Aoraki Polytechnic, Timaru.
PTE. Accredited for NZQA to deliver approved training Units at levels 2 -6.
Also Lincoln University Diploma in Agriculture (not NZQA Units).
Main Courses: Dairy, beef, sheep, deer and others
Locations: South Island centres and Online
Cost: Paid in full by students

Information from Mile Parr, Primary Portfolio Tutor.  For the Lincoln Regional Diploma in Agriculture, all the learning material is in a 'course textbook' and the students have access to the web-site.  The Polytechnic offers a support tutorial class for the enrolled students, run any tests, labs and final exams for local regional students of Lincoln.
 
             
Dairy Training Ltd (DTL).
< http://www.dairynz.co.nz>
Dairy Training Ltd (arm of DairyNZ) delivers training for the dairy industry.
Accredited for NZQA to deliver Units at levels 2 -6.
Main courses:
Locations: Sites throughout NZ except bottom of South Island.
Cost: Paid half by employer and half by government. Participant may refund employer.

atcTrainME
PTE. Accredited for NZQA Units level 2.
Main Courses: Dairy farming and range of general subjects.
Locations:  Waikato centres, South Auckland and Christchurch
Cost: No fees. Paid by government.

Telford Farm Training Institute
< http://www.telford.ac.nz>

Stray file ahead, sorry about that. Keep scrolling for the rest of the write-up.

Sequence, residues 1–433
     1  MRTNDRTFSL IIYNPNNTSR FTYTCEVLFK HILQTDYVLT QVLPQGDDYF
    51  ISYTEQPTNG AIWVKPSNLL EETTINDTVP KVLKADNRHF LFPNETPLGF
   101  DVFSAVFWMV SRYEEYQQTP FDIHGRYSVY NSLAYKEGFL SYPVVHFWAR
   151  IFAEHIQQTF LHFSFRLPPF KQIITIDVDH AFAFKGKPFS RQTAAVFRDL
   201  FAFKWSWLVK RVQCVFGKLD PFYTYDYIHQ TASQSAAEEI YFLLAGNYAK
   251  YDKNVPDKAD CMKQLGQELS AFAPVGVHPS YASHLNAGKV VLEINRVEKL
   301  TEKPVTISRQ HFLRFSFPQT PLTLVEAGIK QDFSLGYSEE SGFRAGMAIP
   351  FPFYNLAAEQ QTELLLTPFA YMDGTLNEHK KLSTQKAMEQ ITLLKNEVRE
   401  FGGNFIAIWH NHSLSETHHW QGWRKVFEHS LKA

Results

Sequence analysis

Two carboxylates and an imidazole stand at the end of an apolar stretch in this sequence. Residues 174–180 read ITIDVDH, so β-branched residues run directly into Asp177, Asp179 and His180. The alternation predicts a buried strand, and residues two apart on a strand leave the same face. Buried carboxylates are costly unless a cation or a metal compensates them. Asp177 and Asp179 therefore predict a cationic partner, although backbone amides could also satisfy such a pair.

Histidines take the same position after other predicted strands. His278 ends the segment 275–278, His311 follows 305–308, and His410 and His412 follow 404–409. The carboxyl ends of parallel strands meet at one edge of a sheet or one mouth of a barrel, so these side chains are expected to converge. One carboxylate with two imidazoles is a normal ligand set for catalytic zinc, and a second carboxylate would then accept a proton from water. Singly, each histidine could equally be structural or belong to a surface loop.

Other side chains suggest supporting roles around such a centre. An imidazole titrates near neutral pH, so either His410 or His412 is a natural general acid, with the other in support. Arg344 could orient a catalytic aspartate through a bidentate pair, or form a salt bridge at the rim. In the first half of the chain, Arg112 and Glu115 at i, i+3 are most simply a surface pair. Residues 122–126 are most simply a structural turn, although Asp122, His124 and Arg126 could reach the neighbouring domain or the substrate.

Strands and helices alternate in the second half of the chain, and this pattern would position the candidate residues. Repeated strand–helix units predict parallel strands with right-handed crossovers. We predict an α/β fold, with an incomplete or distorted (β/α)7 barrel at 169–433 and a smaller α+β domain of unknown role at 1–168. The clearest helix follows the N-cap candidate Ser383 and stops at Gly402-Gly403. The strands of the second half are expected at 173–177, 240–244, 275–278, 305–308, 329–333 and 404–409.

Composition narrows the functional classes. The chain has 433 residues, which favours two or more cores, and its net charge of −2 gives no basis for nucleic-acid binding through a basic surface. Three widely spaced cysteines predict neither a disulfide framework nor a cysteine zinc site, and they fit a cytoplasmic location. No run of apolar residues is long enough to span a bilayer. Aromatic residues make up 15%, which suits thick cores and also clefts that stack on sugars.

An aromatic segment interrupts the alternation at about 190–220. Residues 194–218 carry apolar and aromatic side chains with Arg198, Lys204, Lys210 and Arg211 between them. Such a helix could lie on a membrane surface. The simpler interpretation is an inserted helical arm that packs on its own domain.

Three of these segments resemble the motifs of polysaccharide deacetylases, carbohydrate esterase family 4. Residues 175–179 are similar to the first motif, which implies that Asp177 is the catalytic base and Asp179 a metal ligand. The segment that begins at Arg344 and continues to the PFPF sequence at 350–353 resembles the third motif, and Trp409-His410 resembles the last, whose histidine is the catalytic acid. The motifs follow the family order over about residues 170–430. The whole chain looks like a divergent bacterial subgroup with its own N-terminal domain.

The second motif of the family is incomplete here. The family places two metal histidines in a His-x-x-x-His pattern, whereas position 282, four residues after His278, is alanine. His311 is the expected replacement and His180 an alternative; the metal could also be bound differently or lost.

PTE. Accredited for NZQA Units level 2-6.
Lincoln University Diploma in Agriculture (non NZQA Units).
Location: Balclutha and correspondence courses.
Cost: Paid in full by participant.

Taratahi Agricultural Training Centre
PTE. Accredited for NZQA Units level 2-6.
Lincoln and Massey University Diploma in Agriculture (non NZQA Units).
Main courses: Dairy, beef, sheep, deer and others.
Location: Masterton, Rodney (Auckland), Taranaki, Hawke’s Bay, Waikato, Bay of Plenty, Northland.
Cost:  Paid in full by participant.

Waipoa Farm Cadet Training Trust.
PTE Accredited with NZQA Units level 2 ?.
Two year residential.
Main courses:  Beef, sheep, shearing.
Location: Gisborne
Fees:  Paid in full by participant.

Smedley Station and Cadet training Farm
PTE Accredited with NZQA Units at level 2 ?.
Two year residential.
Main courses: Beef, sheep, shearing.
Location: Central Hawke’s Bay
Fees: Paid in full by participant.

High schools
Courses taught by approved NZQA providers covering NZQA Units 2
S.T.A.R courses as tasters

 In the stupid competitive environment set up under government policy in the 1980s, the drive was to get as many EFTSs as possible. The Waikato Polytech Dairy Farm Trainee (DFT) course I taught for new entrants counted as 0.6 of an EFTS.  The course was ideal for farmers  with students starting at the Polytech in late January, to be ready for calving on June 1.  Farmers claimed it was an excellent qualification for their needs, and operated for years before it had to be changed to NZQA Units.

Our bureaucrats then started dreaming up ways to ‘stretch’ an EFTS, by giving students written assignments to do on the farm (during calving believe it or not!), and then come back to class for more lectures immediately after calving to claim a full EFTS from government.  It was going to be easy money for the Polytech, but was crazy as it was the last thing farmers wanted, as work didn’t stop after calving.  But then the bureaucrats had never done a calving, and the last people to be consulted were employers!  It was all about keeping the Polytech in business.